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Software Resellers and Information Security Risks

Mar 17, 20112 mins
Data and Information Security

Many organizations are turning to resellers to buy “off-the-shelf” software. These resellers can frequently offer better pricing than could be obtained by purchasing directly from the software developer. In addition, in some cases, the reseller may be the only source for purchasing the software (i.e., the developer will not sell directly to the end user). The primary risk presented by these types of purchases is that the governing terms and conditions for use of the software are frequently presented on a take-it-or-leave-it basis. The reseller generally has no authority to change or negotiate the software license agreement and the original developer takes the position that the contract must be accepted as-is.

Accepting a software license, even one for relatively low cost, off-the-shelf software, can present material risks, including inadequate warranties, lack of protection in the event of an intellectual property infringement claim, and threats information security. It is this last point that I want to emphasize.

As I have written before, most off-the-shelf software license agreements contain little in the way of protection for the licensee’s confidential information and frequently include very broad rights for the licensor and third parties to enter the facilities and access the systems of the licensee to conduct audits. The software may even contain “phone home” functionality that periodically sends undefined data back to the licensor. In short, the license agreement may place the licensee’s data at risk, yet offer no real protection in the form of strong confidentiality and information security obligations.

Based on the foregoing, businesses should look closely at the agreements they are being asked to accept in connection with these types of transactions. In most instances, the business case for the software will outweigh the risks presented by the license agreement. However, in making that assessment, the relevant contracts should be reviewed closely for risks to the business’s data and other confidential information.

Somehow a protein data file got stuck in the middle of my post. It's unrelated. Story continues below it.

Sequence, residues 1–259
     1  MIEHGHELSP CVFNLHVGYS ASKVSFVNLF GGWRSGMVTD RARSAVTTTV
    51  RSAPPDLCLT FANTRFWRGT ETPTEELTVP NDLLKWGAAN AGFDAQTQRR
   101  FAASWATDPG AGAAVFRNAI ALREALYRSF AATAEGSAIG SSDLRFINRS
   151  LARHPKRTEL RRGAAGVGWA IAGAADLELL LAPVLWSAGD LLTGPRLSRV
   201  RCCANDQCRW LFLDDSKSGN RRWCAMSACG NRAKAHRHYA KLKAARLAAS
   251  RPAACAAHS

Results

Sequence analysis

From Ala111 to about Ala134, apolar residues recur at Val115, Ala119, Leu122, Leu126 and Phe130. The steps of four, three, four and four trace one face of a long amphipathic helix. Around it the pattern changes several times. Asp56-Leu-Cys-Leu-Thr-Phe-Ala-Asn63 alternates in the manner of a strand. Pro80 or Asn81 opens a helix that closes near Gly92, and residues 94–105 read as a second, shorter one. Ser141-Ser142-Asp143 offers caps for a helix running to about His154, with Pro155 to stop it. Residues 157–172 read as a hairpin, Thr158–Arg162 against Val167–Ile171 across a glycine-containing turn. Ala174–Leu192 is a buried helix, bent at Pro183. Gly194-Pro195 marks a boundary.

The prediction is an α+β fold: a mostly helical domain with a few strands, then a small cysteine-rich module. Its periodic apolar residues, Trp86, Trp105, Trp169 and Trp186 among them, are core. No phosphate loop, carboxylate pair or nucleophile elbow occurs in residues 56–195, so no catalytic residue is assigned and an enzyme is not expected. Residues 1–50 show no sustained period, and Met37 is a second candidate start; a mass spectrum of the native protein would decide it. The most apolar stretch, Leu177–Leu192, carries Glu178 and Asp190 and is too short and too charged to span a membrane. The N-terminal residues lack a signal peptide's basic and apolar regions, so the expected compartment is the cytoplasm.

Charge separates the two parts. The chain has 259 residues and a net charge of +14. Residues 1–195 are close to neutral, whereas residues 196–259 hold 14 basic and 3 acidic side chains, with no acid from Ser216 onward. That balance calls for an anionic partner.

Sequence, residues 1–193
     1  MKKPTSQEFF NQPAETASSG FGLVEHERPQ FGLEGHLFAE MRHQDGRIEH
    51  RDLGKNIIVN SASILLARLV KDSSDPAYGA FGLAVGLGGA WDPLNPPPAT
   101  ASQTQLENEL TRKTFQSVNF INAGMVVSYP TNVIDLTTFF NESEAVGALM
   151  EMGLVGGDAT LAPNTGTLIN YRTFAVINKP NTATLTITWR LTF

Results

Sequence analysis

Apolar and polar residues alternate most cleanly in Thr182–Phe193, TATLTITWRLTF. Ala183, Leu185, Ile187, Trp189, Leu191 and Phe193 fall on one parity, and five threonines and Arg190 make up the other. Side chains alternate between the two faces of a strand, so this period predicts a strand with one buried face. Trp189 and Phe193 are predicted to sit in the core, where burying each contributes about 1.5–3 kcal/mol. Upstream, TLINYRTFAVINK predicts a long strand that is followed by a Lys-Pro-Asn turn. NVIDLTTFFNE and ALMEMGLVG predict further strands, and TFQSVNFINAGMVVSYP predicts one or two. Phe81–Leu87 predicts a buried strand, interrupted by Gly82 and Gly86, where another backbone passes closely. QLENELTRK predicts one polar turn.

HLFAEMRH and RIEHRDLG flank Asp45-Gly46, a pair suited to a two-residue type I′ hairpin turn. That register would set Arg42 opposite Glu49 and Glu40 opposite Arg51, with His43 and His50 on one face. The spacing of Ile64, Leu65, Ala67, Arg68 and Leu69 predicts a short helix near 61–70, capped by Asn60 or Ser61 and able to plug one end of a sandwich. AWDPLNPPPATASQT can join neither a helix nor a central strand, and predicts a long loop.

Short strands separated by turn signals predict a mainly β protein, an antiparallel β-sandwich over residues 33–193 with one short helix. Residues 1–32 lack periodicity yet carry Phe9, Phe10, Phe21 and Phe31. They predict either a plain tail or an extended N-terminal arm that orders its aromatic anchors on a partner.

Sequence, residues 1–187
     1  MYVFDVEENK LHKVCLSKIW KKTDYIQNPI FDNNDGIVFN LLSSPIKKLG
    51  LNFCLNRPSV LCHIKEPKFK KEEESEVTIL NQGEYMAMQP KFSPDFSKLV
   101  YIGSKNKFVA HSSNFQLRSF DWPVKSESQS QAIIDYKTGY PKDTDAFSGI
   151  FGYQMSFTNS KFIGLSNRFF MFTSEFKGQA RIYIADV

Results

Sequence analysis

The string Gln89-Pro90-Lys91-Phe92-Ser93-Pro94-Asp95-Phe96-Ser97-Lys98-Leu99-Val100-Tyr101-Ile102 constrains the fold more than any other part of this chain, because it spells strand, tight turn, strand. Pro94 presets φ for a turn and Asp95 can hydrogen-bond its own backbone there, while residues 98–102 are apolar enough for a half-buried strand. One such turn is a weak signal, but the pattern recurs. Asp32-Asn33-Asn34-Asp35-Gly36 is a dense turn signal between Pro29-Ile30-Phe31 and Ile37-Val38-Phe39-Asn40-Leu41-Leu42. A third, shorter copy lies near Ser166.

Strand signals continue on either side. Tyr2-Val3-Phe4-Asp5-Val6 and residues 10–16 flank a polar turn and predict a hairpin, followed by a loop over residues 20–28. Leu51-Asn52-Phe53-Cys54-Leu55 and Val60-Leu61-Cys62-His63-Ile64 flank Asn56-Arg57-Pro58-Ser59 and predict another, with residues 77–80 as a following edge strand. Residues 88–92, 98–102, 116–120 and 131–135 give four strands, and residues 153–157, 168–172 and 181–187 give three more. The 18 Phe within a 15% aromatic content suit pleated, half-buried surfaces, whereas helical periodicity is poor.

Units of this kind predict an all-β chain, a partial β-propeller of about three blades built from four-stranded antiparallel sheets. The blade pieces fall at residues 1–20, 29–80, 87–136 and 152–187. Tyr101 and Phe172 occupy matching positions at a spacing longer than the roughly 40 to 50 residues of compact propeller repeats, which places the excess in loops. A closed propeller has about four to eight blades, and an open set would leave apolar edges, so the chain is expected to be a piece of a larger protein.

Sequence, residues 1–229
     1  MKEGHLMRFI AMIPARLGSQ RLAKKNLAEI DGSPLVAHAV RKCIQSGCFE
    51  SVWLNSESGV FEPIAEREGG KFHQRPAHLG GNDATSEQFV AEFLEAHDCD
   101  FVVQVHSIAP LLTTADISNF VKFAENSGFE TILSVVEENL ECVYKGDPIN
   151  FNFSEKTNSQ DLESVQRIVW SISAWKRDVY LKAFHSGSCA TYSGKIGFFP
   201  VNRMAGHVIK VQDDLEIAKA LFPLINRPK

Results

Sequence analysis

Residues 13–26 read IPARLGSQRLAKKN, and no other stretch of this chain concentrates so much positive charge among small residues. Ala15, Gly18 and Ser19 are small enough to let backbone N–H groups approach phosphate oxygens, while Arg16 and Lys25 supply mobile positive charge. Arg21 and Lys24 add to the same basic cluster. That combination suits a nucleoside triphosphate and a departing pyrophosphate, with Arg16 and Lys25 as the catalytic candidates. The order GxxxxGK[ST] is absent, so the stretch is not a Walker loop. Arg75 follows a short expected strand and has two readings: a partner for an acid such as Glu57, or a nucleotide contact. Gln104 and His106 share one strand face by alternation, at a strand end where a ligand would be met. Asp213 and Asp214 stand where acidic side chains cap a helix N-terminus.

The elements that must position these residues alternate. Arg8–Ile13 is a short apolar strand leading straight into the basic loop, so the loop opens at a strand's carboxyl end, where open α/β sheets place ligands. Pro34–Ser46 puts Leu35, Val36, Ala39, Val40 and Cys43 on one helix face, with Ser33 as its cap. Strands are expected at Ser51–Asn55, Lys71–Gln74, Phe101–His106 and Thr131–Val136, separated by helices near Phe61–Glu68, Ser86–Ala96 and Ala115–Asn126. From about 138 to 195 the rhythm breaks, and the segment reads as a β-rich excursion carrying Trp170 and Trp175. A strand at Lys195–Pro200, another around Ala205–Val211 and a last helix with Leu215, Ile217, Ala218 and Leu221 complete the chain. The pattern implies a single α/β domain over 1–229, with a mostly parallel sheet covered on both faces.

Michael R. Overly is a partner and intellectual property lawyer with Foley & Lardner LLP where he focuses on drafting and negotiating technology related agreements, software licenses, hardware acquisition, development, disaster recovery, outsourcing agreements, information security agreements, e-commerce agreements, and technology use policies. He counsels clients in the areas of technology acquisition, information security, electronic commerce, and on-line law.

Mr. Overly is a member of the Technology Transactions & Outsourcing and Privacy, Security & Information Management Practices. Mr. Overly is one of the few practicing lawyers who has satisfied the rigorous requirements necessary to obtain the Certified Information System Auditor (CISA), Certified Information Privacy Professional (CIPP), Certified Information Systems Security Professional (CISSP), Information Systems Security Management Professional (ISSMP), Certified Risk and Information System Controls (CRISC) and Certified Outsourcing Professional (COP) certifications.

The opinions expressed in this blog are those of Michael R. Overly and do not necessarily represent those of IDG Communications, Inc., its parent, subsidiary or affiliated companies.

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